95 hunger surveys since 1998
The new SWS report on hunger—“Fourth Quarter 2021 Social Weather Survey: Hunger rises from 10.0% to 11.8%,” www.sws.org.ph, 3/25/22—its 95th from July 1998, has 8.9 percent of household heads saying their family experienced involuntary hunger (nakaranas ng gutom at walang makain) at least once in the past three months.
In the past 24 years (1998-2021), the national hunger rate ranged from a low of 5.1 percent (2003Q3) to a catastrophic, lockdown-affected, peak of 30.7 percent (2020Q3) of all families (presently 25 million) in the nation.
The annual average ranged between 7.0 percent in 2003 and 21.1 percent in 2020. The 2021 average was 13.1 percent, a big relief from 2020, but still well over the pre-pandemic 2019 average of 9.3 percent, which had been the lowest since 2004.
Like Self-Rated Poverty, the SWS hunger indicator counts families, not individuals. It is likewise measured bottom-up, from the families’ direct experience of hunger, rather than by counting the family’s calories, nutrients or meals relative to some norms.
SWS tracks the degree of hunger from household heads’ responses about the frequency of experiencing it: calling it moderate for those saying it only happened once or a few times, and severe for those saying it happened often or always. The 11.8 total percentage of December 2021 was 9.2 points moderate hunger plus 2.6 points severe hunger.
Ending poverty and hunger are No.1 and No.2, respectively, of the United Nations’ Sustainable Development Goals (SDGs). They are much more meaningful than the gross national product per capita, in measuring economic performance over time.
Poverty and hunger are related, yet different. The two are separately important; hence they occupy two SDGs. When probed in the same survey, the respondents can easily distinguish them. Not all of the poor go hungry; but hunger is always more common among them than among the nonpoor (i.e. the combined Not Poor and Borderline Poor). Hunger also happens to some of the nonpoor, but it is not as common as among the poor.
From one quarter to the next, the percentages of the hungry change, among both the poor and the nonpoor. From 2021Q3 to 2021Q4, hunger among the poor rose by over 3 points, from 14.3 percent to 17.6 percent, while hunger among the nonpoor rose by 1 point, from 6.5 to 7.5 percent. (Presumably, the main factor was food price inflation; this can be quantified by statistical analysis.)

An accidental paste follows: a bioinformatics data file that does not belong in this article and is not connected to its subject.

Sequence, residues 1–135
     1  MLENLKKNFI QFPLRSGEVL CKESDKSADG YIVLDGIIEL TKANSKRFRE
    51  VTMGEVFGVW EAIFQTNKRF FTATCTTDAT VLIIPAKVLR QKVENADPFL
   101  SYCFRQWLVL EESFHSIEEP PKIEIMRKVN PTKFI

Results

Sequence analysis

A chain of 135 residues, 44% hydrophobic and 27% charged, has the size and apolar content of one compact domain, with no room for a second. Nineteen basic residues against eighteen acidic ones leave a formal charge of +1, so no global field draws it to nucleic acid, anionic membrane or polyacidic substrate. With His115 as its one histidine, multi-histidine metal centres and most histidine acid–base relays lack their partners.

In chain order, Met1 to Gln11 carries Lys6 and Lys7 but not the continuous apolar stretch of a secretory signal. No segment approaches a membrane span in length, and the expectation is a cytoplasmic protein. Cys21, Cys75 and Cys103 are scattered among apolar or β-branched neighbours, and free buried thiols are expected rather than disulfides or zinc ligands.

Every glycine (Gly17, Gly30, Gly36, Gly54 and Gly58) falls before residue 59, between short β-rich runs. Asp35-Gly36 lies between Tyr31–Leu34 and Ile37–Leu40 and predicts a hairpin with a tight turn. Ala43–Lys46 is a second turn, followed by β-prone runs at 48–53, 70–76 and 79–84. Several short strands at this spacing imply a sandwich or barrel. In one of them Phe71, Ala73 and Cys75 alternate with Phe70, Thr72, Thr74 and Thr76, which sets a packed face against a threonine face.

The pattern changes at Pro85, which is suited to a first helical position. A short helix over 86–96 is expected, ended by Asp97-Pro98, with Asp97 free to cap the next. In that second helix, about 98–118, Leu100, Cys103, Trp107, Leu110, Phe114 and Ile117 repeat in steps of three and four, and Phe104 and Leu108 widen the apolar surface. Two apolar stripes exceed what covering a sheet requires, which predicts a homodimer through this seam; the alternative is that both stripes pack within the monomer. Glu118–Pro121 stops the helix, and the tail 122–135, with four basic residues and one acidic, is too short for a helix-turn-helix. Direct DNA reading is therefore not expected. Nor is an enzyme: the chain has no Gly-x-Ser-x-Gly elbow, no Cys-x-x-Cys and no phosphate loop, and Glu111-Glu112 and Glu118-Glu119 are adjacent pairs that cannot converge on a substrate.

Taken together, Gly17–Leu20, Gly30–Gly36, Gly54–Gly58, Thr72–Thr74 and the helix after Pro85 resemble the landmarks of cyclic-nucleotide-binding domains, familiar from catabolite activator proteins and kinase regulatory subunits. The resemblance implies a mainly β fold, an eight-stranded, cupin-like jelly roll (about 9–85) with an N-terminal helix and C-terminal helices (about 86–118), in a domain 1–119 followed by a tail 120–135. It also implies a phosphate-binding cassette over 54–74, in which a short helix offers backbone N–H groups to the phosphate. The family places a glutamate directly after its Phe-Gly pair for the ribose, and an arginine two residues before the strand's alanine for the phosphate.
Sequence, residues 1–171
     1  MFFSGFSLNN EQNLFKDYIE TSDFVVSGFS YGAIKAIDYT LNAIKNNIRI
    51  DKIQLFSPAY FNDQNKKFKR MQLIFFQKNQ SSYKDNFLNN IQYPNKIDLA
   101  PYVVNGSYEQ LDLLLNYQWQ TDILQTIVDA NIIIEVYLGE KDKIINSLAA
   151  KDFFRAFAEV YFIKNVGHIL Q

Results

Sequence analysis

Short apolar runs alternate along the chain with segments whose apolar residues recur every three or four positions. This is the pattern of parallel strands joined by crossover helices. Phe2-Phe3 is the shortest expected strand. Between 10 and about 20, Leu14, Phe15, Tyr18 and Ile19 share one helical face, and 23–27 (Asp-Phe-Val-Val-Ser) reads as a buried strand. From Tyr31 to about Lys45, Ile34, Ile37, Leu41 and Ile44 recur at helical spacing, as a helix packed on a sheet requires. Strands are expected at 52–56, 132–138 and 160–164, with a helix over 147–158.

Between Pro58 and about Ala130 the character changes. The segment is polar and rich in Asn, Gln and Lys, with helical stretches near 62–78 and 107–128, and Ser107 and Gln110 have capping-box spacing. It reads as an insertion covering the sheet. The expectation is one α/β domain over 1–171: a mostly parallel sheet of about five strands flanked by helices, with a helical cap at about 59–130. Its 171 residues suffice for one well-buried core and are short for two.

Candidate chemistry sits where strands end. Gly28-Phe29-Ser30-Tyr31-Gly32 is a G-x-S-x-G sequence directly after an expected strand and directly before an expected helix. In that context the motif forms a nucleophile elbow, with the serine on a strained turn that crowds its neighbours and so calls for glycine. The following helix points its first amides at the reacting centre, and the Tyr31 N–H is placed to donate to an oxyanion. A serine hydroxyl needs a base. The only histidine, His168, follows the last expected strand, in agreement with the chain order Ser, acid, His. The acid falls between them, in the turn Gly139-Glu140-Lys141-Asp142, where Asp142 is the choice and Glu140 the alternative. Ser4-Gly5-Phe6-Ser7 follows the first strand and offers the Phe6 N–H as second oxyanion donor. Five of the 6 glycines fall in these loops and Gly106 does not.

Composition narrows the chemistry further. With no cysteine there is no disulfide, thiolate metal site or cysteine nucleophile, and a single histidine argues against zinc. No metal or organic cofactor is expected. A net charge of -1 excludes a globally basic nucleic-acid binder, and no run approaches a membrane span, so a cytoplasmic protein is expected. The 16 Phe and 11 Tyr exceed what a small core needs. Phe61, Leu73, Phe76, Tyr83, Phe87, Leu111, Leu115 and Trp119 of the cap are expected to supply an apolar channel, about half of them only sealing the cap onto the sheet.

The net result was that hungry families rose by 1.8 points, from 10.0 percent in 2021Q3 to 11.8 percent in 2021Q4, even though Self-Rated Poor families fell by 2 points, from 45 percent to 43 percent, from Q3 to Q4. It’s not the first time for hunger and poverty to move in opposite directions in the course of three months.
However, in the course of the whole year 2021, compared to 2020, the hunger and poverty rates both fell. (We don’t know the full extent of the fall in poverty, since SWS face-to-face surveying restarted only in 2020Q4.)
Of the four SWS survey areas, Metro Manila often has the most hunger and the least poverty at the same time. In 2021Q4, the National Capital Region (NCR) had 22.8 percent hungry and 25 percent poor; Balance Luzon had 9.2 percent hungry and 41 percent poor; the Visayas had 9.7 percent hungry and 60 percent poor; and Mindanao had 12.2 percent hungry and 43 percent poor. The obvious reason is because families in NCR have much less opportunity to grow or raise their own food at home.
For the full year 2021, the average hunger/poverty percentages in each area were: 16.4/35 in NCR; 12.8/41 in Balance Luzon; 10.1/60 in the Visayas; and 14.6/53 in Mindanao. Note that, in 2021, the Visayas had the least hunger and yet the most poverty, at the same time.
The SWS mission. SWS regularly generates scientific data about the quality of life of the Filipino people, with the quarterly Social Weather Survey as its main vehicle. It aims to reach the public in general and the scientific community in particular. In recognition of its work, it received the International Society for Quality of Life Studies (www.isqols.org) 2019 Award for the Betterment of the Human Condition.
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